The aim of this paper is to create a regulatory requirement proposal to reduce door-to-balloon (D2B) time in STEMI patients. It will outline the steps that must be taken to communicate and implement this regulation successfully. Moreover, the paper will provide a basis for ensuring regulatory compliance. It will also review three regulatory requirements at the federal, state, and local levels and discuss how they can be implemented and evaluated.
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Federal, State, and Local Regulations
The Privacy Rule of HIPAA, or the Standards for Privacy of Individually Identifiable Health Information, is a legislative act that regulates standards for the protection of health information at the state level. The legislation was created to “define and limit the circumstances under which an individual’s protected health care information (PHI) may be used or disclosed” (Liginlal, Sim, Khansa, & Fearn, 2012, p. 206) by health care professionals or other legal entities covered by the law. Other requirements connected to HIPAA include the Gramm-Leach-Bliley Act (GLBA) and the Sarbanes-Oxley Act (SOX) (Chowdhury et al., 2013). The Contextual Integrity (CI) framework can be used to both implement and evaluate the implementation of this regulation (Chowdhury et al., 2013).
To enhance understanding of the regulatory framework that governs nursing practice in the state of Florida, Rule 64B9-5.013 was enacted on April 21, 2013 (Florida Board of Nursing, 2013). The rule was proposed by the Florida Board of Nursing and requires Licensed Practical Nurses (LPNs), Registered Nurses (RNs), Clinical Nurse Specialists (CNSs), and Advanced Registered Nurse Practitioners (ARNPs) to “complete a two-hour course on the laws and rules that govern the practice of nursing in Florida” (Florida Board of Nursing, 2013, para. 1). To implement and evaluate this requirement, it is necessary to mandate “a CE provider approved by the Board of Nursing” (Florida Board of Nursing, 2013, para. 1) to disclose information on its enrollees to the board.
Policy #3 issued by the Accreditation Commission for Education in Nursing (ACEN) outlines the requirements a nursing program must meet in order to be eligible for accreditation. The policy was created to ensure that nursing education organizations follow certain eligibility criteria necessary for being approved by the board to grant “a diploma, certificate, associate degree, baccalaureate degree, master’s degree, or clinical doctorate in nursing” (ACEN, 2016, p. 8). Implementation and evaluation of the requirements are conducted by ACEN on an individual basis.
This proposal calls for the creation of universal national guidelines that regulate how PCI is conducted to reduce D2B time. D2B time is a measure of the response of a medical team to patients who have suffered a myocardial infarction (MI) with ST-segment elevation (Ellahham, Aljabbari, Mananghaya, Raji, & Zubaidi, 2015). If D2B time is less than 90 minutes, it is possible to substantially reduce the negative health outcomes for patients with this cardiovascular condition (Wilson et al., 2013). Currently, there are many strategies for the reduction of D2B time that have been developed by organizations such as the Society of Cardiovascular Patient Care and the American Heart Association. However, all existing STEMI systems are based on state regulatory frameworks as well as ACC/AHA guidelines (Krumholz et al., 2011). These regulations are concerned with data registries, D2B measures, and the designation of STEMI facilities, among others. However, despite significant national progress in providing care for patients undergoing primary PCI, there is still room for improvement (Krumholz et al., 2011).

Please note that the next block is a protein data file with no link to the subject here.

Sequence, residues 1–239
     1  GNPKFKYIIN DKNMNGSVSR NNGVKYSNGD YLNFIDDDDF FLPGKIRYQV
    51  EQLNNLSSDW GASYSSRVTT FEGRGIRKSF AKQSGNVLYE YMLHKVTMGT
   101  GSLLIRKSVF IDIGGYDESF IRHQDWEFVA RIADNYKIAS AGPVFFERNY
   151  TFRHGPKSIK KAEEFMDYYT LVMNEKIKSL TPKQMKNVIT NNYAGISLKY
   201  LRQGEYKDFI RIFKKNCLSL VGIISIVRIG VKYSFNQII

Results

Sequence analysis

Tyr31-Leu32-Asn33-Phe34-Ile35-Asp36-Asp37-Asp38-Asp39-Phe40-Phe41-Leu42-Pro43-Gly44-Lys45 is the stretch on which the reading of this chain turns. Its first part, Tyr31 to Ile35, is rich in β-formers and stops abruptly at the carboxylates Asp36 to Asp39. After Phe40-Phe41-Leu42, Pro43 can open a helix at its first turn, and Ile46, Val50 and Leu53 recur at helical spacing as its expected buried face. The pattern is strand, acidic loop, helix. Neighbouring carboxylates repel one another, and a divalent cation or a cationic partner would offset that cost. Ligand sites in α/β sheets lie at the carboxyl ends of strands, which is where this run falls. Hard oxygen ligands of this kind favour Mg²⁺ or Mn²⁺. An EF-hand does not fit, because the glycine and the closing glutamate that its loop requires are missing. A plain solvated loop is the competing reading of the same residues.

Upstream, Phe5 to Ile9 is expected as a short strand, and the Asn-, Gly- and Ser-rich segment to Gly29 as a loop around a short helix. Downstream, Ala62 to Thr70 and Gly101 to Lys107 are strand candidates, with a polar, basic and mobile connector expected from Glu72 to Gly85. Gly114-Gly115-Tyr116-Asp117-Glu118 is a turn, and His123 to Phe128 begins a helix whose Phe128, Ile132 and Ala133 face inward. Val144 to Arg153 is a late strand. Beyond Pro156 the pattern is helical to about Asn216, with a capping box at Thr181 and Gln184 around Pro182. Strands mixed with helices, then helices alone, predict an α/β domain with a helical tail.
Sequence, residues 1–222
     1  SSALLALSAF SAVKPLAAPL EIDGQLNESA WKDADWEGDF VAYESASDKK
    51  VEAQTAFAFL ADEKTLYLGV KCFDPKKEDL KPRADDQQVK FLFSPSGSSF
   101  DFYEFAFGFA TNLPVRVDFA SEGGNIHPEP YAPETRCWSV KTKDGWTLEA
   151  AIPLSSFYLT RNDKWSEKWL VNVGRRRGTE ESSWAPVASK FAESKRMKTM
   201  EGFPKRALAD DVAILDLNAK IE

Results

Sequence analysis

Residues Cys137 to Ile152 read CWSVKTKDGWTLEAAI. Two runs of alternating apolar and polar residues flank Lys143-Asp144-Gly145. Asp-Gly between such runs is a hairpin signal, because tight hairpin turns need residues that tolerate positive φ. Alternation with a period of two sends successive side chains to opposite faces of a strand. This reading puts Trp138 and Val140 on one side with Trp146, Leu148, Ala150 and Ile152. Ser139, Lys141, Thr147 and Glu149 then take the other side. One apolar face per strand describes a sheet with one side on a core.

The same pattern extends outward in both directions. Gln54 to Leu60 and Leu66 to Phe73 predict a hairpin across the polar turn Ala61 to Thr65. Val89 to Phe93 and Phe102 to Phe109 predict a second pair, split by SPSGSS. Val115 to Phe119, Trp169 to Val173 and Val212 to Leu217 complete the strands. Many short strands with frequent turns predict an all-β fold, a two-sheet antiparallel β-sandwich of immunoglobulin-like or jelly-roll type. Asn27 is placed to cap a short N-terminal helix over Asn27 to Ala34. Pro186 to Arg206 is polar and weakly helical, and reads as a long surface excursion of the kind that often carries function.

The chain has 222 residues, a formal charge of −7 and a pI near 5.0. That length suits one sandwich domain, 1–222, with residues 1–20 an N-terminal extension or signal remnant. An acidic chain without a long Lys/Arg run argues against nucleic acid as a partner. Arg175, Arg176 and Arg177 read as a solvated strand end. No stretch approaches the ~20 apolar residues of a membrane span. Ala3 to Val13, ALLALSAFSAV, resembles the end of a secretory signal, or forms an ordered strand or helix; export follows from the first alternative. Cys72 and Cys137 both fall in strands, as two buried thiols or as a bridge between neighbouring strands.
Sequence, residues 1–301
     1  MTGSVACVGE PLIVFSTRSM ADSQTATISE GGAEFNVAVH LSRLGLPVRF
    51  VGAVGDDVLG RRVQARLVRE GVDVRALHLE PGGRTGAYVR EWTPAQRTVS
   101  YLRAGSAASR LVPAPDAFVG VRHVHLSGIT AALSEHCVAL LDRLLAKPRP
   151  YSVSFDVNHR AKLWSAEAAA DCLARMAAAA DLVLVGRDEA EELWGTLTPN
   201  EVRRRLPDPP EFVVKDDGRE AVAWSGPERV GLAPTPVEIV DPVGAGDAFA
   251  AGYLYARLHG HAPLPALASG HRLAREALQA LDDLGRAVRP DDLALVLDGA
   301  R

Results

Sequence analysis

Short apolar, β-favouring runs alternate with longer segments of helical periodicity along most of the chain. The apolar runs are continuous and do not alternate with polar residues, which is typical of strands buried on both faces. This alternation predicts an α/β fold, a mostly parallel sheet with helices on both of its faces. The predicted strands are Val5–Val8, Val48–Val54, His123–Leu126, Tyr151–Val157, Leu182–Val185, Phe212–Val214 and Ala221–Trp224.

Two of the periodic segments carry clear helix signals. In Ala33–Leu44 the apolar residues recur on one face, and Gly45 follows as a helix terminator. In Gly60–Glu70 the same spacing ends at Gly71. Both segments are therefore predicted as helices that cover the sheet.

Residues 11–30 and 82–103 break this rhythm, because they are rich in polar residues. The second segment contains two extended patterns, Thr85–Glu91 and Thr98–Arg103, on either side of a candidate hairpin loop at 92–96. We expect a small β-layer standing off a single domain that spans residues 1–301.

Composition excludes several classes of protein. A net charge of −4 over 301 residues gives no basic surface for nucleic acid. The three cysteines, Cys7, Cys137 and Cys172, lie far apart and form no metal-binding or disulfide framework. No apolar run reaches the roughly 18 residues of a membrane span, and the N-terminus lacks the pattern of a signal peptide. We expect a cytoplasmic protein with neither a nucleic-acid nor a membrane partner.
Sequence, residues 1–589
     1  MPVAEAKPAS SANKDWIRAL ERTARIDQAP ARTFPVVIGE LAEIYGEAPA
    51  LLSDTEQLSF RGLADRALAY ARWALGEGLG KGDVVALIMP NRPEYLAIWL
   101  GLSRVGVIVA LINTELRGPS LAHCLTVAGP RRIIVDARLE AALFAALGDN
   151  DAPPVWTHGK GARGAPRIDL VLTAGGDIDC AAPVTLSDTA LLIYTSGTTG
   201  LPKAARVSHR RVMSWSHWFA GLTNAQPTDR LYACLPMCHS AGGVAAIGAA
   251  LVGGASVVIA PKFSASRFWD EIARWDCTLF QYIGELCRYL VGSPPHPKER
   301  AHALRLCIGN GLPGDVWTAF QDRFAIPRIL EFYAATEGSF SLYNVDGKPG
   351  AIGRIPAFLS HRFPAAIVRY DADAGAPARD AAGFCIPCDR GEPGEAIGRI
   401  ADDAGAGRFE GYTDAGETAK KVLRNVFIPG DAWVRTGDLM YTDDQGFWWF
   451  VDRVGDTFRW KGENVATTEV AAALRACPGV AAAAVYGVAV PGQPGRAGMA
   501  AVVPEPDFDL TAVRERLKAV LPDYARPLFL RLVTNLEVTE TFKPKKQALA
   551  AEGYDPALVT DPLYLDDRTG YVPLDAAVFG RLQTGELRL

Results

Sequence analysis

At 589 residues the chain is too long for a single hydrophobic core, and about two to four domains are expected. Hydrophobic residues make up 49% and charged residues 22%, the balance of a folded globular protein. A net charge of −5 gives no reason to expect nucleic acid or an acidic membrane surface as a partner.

The adoption of universal national protocols for the reduction of D2B time should be supported by procedural documents that provide health care institutions with the necessary process, outcome, and efficiency measures. These measures will help control the implementation of regulation and can be used internally by institutions for the improvement of their health outcomes. The communication of the regulation will be conducted by the ACCF/AHA using their current methodologies. The ultimate goal of this proposal is to create a regulatory framework that can provide health care organizations with directions for conducting and measuring the outcomes of PCI for patients with STEMI. Therefore, it is necessary to outline the proper use of cardiovascular technology such as remote defibrillators and to define a specific structure and safety measures (Thylén, Ericsson, Angerud, Isaksson, & Lawesson, 2015). The regulation should also include universal appropriate use criteria as well as competency and training documents specifying the volume of training and specific knowledge that members of emergency response teams should possess. Furthermore, the regulation has to address the issue of the creation of universal national guidelines for the preparation of Cath Labs for emergency departments. ACCF/AHA practice guidelines can serve as a model for developing a legal structure that will provide the basis for determining regulatory compliance. It will help ensure that all health care organizations that conduct PCI for patients with STEMI follow the regulation.
This paper outlined a regulatory requirement proposal for the creation of a framework that can provide health care organizations with directions for conducting and measuring the outcomes of PCI for patients with STEMI. It addressed the issues of implementation and documentation, as well as the assessment of regulatory compliance.
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Thylén, I., Ericsson, M., Angerud, K. H., Isaksson, R. M., & Lawesson, S. S. (2015). First medical contact in patients with STEMI and its impact on time to diagnosis; an explorative cross-sectional study. BMJ Open, 5(4), 59-62.
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